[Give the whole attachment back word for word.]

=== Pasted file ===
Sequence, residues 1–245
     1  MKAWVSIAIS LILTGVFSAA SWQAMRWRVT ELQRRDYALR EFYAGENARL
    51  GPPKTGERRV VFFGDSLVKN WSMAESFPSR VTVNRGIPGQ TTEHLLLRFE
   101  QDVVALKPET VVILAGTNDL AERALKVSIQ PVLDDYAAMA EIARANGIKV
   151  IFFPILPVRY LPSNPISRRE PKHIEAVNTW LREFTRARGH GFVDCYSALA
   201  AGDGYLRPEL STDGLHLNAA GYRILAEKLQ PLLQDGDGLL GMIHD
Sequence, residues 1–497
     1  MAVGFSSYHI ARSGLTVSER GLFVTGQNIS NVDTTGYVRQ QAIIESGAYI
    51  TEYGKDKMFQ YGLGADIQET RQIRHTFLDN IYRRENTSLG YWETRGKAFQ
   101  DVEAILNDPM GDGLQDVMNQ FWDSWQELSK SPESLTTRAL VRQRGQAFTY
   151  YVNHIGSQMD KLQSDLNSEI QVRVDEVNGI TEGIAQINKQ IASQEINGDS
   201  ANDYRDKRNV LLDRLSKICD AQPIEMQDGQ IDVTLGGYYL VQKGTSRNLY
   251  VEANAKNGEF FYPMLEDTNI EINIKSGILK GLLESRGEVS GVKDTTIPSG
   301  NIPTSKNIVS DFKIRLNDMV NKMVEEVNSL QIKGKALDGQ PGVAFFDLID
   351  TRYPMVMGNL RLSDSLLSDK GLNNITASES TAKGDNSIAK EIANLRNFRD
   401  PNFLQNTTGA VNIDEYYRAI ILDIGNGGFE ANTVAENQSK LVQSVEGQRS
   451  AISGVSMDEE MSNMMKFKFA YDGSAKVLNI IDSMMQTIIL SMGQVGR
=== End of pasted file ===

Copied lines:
Sequence, residues 1–245
     1  MKAWVSIAIS LILTGVFSAA SWQAMRWRVT ELQRRDYALR EFYAGENARL
    51  GPPKTGERRV VFFGDSLVKN WSMAESFPSR VTVNRGIPGQ TTEHLLLRFE
   101  QDVVALKPET VVILAGTNDL AERALKVSIQ PVLDDYAAMA EIARANGIKV
   151  IFFPILPVRY LPSNPISRRE PKHIEAVNTW LREFTRARGH GFVDCYSALA
   201  AGDGYLRPEL STDGLHLNAA GYRILAEKLQ PLLQDGDGLL GMIHD
Sequence, residues 1–497
     1  MAVGFSSYHI ARSGLTVSER GLFVTGQNIS NVDTTGYVRQ QAIIESGAYI
    51  TEYGKDKMFQ YGLGADIQET RQIRHTFLDN IYRRENTSLG YWETRGKAFQ
   101  DVEAILNDPM GDGLQDVMNQ FWDSWQELSK SPESLTTRAL VRQRGQAFTY
   151  YVNHIGSQMD KLQSDLNSEI QVRVDEVNGI TEGIAQINKQ IASQEINGDS
   201  ANDYRDKRNV LLDRLSKICD AQPIEMQDGQ IDVTLGGYYL VQKGTSRNLY
   251  VEANAKNGEF FYPMLEDTNI EINIKSGILK GLLESRGEVS GVKDTTIPSG
   301  NIPTSKNIVS DFKIRLNDMV NKMVEEVNSL QIKGKALDGQ PGVAFFDLID
   351  TRYPMVMGNL RLSDSLLSDK GLNNITASES TAKGDNSIAK EIANLRNFRD
   401  PNFLQNTTGA VNIDEYYRAI ILDIGNGGFE ANTVAENQSK LVQSVEGQRS
   451  AISGVSMDEE MSNMMKFKFA YDGSAKVLNI IDSMMQTIIL SMGQVGR